Why, As a Feminist, I Support Jibran Nasir
By Bareha Abbas, a cautiously optimistic citizen of Pakistan
CW: Sexual abuse, abuse.
Behind closed doors, out in the open, or on the streets, killed for the sake of honour or buried alive, a woman is constantly reminded of her place as a second-class citizen in Pakistan. “Women are entitled to all of the same rights as men and no country can progress without the full participation of women in commercial and public life”. This preamble to the section of Jibran’s manifesto sheds light upon the extremely important issue of the rights of women in the land of the pure.
“Women are entitled to all of the same rights as men and no country can progress without the full participation of women in commercial and public life.”
— Jibran Nasir’s manifesto
Jibran Nasir, a lawyer, a human rights activist and a feminist, has been under a lot of fire lately for speaking up for the oppressed. He is someone who has left no stone unturned in trying to empower the sections of our society which have largely been silenced by those in charge. Jibran advocates for equal opportunities in the social, political and legal arenas for all. He does not refrain from constantly challenging the status quo, despite knowing that his life may be on the line.
Renowned television personality Orya Maqbool Jan, on a live talk show, very nonchalantly stated that sexual abuse is the responsibility of a woman since it largely depends on provocation by the woman. It is pitiful that Jibran had to point out that it is unfair to lay the burden of the very pressing issue of sexual abuse onto women and how this statement represents an extremely dangerous and regressive manner of thinking. The fact that we have historically limited our women to the confines of ‘chaar diwari’ largely undermines their potential as individuals who can positively contribute to society, if nurtured in the right way. There is, of course, no doubt that the bane of issues such as sexual abuse falls on society as a whole. However, it is disappointing to see that a country like Pakistan needs individuals like Jibran to correct those who are classified as the ‘educated elite’ of this country.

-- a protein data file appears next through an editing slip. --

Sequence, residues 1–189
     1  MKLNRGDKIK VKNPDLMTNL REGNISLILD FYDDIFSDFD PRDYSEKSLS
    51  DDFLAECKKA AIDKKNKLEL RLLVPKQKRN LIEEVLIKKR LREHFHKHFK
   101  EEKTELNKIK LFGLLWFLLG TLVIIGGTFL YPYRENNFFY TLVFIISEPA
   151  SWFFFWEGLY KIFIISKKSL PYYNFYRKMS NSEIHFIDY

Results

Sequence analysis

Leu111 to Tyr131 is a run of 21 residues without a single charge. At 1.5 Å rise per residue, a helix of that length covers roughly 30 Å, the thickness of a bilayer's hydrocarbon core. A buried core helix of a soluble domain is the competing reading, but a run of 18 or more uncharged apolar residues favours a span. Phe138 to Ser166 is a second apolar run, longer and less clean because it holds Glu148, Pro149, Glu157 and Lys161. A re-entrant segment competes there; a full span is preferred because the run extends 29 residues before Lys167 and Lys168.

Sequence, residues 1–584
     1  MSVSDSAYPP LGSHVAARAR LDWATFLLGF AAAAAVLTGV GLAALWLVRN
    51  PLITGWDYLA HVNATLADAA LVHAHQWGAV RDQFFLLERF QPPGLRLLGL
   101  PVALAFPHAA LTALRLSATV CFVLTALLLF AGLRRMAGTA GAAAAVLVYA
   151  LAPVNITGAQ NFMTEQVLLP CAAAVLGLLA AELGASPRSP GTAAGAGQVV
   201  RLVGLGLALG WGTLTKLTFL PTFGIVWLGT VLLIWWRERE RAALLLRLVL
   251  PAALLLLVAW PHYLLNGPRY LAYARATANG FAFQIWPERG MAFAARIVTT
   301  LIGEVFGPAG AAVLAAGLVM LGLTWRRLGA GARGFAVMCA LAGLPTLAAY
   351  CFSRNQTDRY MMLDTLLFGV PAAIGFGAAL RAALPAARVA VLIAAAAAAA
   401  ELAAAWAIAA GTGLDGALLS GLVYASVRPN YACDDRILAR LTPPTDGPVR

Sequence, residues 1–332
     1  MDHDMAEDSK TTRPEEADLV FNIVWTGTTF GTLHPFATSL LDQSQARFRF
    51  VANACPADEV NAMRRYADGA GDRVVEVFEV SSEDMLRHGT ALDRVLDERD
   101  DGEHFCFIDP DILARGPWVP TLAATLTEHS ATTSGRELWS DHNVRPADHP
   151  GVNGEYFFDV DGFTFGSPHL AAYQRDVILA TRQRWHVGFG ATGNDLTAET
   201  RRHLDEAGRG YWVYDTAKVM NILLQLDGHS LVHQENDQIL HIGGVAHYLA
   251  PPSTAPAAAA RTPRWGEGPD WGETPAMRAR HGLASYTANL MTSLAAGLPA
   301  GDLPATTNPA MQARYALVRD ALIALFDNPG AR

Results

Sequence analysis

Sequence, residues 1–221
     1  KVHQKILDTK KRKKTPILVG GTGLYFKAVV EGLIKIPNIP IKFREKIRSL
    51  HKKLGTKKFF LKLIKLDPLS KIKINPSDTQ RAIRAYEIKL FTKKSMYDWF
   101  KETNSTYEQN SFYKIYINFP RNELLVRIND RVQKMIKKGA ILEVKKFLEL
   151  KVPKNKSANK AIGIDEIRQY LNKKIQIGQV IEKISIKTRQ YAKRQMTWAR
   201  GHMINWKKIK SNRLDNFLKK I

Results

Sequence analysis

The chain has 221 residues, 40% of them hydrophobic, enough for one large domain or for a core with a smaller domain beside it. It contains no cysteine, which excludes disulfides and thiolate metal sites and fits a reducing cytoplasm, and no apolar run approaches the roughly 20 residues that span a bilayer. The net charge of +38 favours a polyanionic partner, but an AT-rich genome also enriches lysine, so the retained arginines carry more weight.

It often makes me wonder, where exactly did we go wrong as a nation? What turn of events got my fellow countrymen filled with such hatred for the other 51% of the population? It is refreshing to see however, that in a country like Pakistan, where politicians often make headlines for passing derogatory remarks on their female colleagues, a handful such as Jibran are highly critical of the system of oppression upheld by men. He conducts himself differently. He firmly believes that the insecurity of men is what hinders the dissipation of God-given and constitutional rights to women.
Once, when asked about his association with the often-misunderstood term “feminism”, Jibran said “I do believe in the equality of rights and opportunities for all. If that is what defines feminism, then I am proud to say that I am one”. Jibran believes that individuals should have the right to raise their voices on issues that pertain to them. He insists that it is about time that men take a backseat when a discourse that doesn’t involve them is taking place, rather than poking their nose in every matter. Jibran’s values stand in direct contrast with the agenda and mentality most Pakistani politicians champion and promote. He is unapologetically critical of what surrounds him.
“I do believe in the equality of rights and opportunities for all. If that is what defines feminism, then I am proud to say that I am one”.
— Jibran Nasir
Jibran believes that there is a need to educate the masses in a bottoms-up approach where instructing at grassroots level, primarily via schools, becomes extremely important while helping the population detach itself from the bigotry that has been instilled within, and aggressively reinforced over the decades by the Pakistani society. He feels that it is time for women to be given a voice and be provided a legitimate platform to raise the issues that pertain to them. He believes there is a need for legislation where election results might be potentially invalidated in case women’s votes are less than 30% of the total votes cast. He desires to fight for rights for women in cases of divorce and child custody to be on par with men as well as better enforcement of laws against sexual harassment of women. He firmly believes that these actions would ultimately aid the state in functioning much more effectively.
He believes there is a need for legislation where election results might be potentially invalidated in case women’s votes are less than 30% of the total votes cast.
This is why on this election day, I vote for Jibran Nasir. This election day, I vote for someone who is Hum Main Se Aik.
May July the 25th be the day the people and their interests truly win. A day for the greater good of our country.